Platinum nanoparticles of controlled shape and size have also been accessed through varying the ratio of polymer capping agent concentration to precursor concentration. Reductive colloidal syntheses as such have yielded tetrahedral, cubic, irregular-prismatic, icosahedral, and cubo-octahedral nanoparticles, whose dispersity is also dependent on the concentration ratio of capping agent to precursor, and which may be applicable to catalysis.[15] The precise mechanism of shape-controlled colloidal synthesis is not yet known; however, it is known that the relative growth rate of crystal facets within the growing nanostructure determines its final shape.[15] Polyol syntheses of platinum nanoparticles, in which chloroplatinic acid is reduced to PtCl42- and Pt0 by ethylene glycol, have also been a means to shape-controlled fabrication.[16] Addition of varying amounts of sodium nitrate to these reactions was shown to yield tetrahedra and octahedra at high concentration ratios of sodium nitrate to chloroplatinic acid. Spectroscopic studies suggest that nitrate is reduced to nitrite by PtCl42- early in this reaction, and that the nitrite may then coordinate both Pt(II) and Pt(IV), greatly slowing the polyol reduction and altering the growth rates of distinct crystal facets within the nanoparticles, ultimately yielding morphological differentiation.[16]

Green Synthesis[edit]

An ecologically-friendly synthesis of platinum nanoparticles from chloroplatinic acid was achieved through the use of a leaf extract of Diospyros kaki as a reducing agent. Nanoparticles synthesized as such were spherical with an average diameter ranging from 2-12 nm depending on reaction temperature and concentration of leaf extract used. Spectroscopic analysis suggests that this reaction is not enzyme-mediated and proceeds instead through plant-derived reductive small molecules.[11] Another eco-friendly synthesis from chloroplatinic acid was reported using leaf extract from Ocimum sanctum and tulsi as reducing agents. Spectroscopic analysis suggested that ascorbic acid, gallic acid, various terpenes, and certain amino acids were active in the reduction. Particles synthesized as such were shown through scanning electron microscopy to consist in aggregates with irregular shape.[12] It has been shown that tea extracts with high polyphenol content may be used both as reducing agents and capping agents for platinum nanoparticle synthesis.[13]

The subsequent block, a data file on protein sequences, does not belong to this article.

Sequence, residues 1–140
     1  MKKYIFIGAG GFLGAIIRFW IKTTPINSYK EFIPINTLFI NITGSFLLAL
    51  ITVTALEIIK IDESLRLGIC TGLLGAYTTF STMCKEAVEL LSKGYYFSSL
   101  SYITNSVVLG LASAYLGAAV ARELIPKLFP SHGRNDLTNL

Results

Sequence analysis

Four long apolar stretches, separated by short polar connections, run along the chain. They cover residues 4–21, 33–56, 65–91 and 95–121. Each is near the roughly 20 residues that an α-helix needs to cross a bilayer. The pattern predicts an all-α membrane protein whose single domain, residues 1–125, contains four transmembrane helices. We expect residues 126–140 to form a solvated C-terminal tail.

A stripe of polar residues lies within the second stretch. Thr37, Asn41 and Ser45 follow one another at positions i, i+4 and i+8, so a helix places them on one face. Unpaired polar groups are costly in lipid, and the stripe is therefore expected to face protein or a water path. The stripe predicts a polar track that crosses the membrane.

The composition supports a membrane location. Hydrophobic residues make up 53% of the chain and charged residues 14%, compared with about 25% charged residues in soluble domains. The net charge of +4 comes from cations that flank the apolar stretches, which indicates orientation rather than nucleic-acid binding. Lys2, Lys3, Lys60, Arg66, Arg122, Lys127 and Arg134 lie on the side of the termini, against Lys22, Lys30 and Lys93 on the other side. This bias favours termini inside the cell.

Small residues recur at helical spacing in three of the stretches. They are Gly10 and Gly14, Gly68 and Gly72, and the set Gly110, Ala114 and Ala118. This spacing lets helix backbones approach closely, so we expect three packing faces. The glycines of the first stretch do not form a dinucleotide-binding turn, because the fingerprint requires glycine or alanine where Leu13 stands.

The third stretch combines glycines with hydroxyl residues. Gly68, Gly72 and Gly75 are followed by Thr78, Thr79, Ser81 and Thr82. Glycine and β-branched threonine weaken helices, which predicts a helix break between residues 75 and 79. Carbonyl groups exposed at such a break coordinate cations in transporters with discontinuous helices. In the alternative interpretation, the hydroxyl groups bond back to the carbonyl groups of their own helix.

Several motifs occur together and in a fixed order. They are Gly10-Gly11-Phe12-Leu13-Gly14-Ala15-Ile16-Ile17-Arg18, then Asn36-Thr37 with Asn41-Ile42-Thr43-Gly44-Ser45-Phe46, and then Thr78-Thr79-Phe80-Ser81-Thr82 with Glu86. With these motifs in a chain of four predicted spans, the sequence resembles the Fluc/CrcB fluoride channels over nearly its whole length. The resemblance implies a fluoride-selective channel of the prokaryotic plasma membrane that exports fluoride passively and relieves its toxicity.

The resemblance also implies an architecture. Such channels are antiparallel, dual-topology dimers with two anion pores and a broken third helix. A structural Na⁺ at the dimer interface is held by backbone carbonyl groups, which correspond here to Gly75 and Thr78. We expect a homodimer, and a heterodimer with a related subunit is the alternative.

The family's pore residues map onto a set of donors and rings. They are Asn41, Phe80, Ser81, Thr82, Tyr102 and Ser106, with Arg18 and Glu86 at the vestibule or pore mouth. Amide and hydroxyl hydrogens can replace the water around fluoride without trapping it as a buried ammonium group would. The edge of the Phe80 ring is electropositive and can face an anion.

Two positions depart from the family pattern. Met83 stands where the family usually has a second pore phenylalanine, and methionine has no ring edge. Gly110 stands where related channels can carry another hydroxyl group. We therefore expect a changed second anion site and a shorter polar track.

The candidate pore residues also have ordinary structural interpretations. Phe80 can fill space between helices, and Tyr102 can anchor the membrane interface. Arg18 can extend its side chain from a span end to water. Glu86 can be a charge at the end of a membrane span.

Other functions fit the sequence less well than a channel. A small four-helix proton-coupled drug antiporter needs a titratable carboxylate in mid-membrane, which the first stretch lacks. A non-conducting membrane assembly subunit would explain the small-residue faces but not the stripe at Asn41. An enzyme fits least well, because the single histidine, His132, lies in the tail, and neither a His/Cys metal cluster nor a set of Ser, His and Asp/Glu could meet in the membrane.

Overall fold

Properties and Applications[edit]

The chemical and physical properties of platinum nanoparticles (NP) make them applicable for a wide variety of research applications. Extensive experimentation has been done to create new species of platinum NPs, and study their properties. Platinum NP applications include electronics, optics, catalysts, and enzyme immobilization.

Catalytic properties of platinum nanoparticles[edit]

Platinum NPs are used as catalysts for proton exchange membrane fuel cell (PEMFC),[17] for industrial synthesis of nitric acid,[18] reduction of exhaust gases from vehicles[19] and as catalytic nucleating agents for synthesis of magnetic NPs.[20] The catalytic reactivity of the NP is dependent on the shape, size and morphology of the particle[8]

One type of platinum NPs that have been researched on are colloidal platinum NPs. Monometallic and bimetallic colloids have been used as catalysts in a wide range of organic chemistry, including, oxidation of carbon monoxide in aqueous solutions, hydrogenation of alkenes in organic or biphasic solutions and hydrosilylation of olefins in organic solutions.[21] Collodial platinum NPs protected by Poly(N-isopropylacrylamide) were synthesised and their catalytic properties measured. It was determined that they were more active in solution and inactive when phase separated due to its solubility being inversely proportional to temperature.[21]

Optical properties of platinum nanoparticles[edit]

Platinum NPs exhibit fascinating optical properties. Being a free electron metal NP like Ag and Au, its linear optical response is mainly controlled by the surface plasmon resonance. Surface plasmon resonance occurs when the electrons in the metal surface are subject to an electromagnetic field that exerts a force on the electrons and cause them to displace from their original positions. The nuclei then exert a restoring force that results in oscillation of the electrons, which increase in strength when frequency of oscillations is in resonance with the incident electromagnetic wave.[22]

Surface plasmon resonance (SPR) of platinum NPs occur in the ultraviolet region (215 nm).[23] The resonance peak is very broad because the imaginary dielectric constant of platinum, Im(εPt), is large.[24] Experiments were done and the spectra obtained are similar for most platinum particles regardless of size.[24] However, there is an exception. Platinum NPs synthesized via citrate reduction do not have a surface plasmon resonance peak around 215 nm.[24]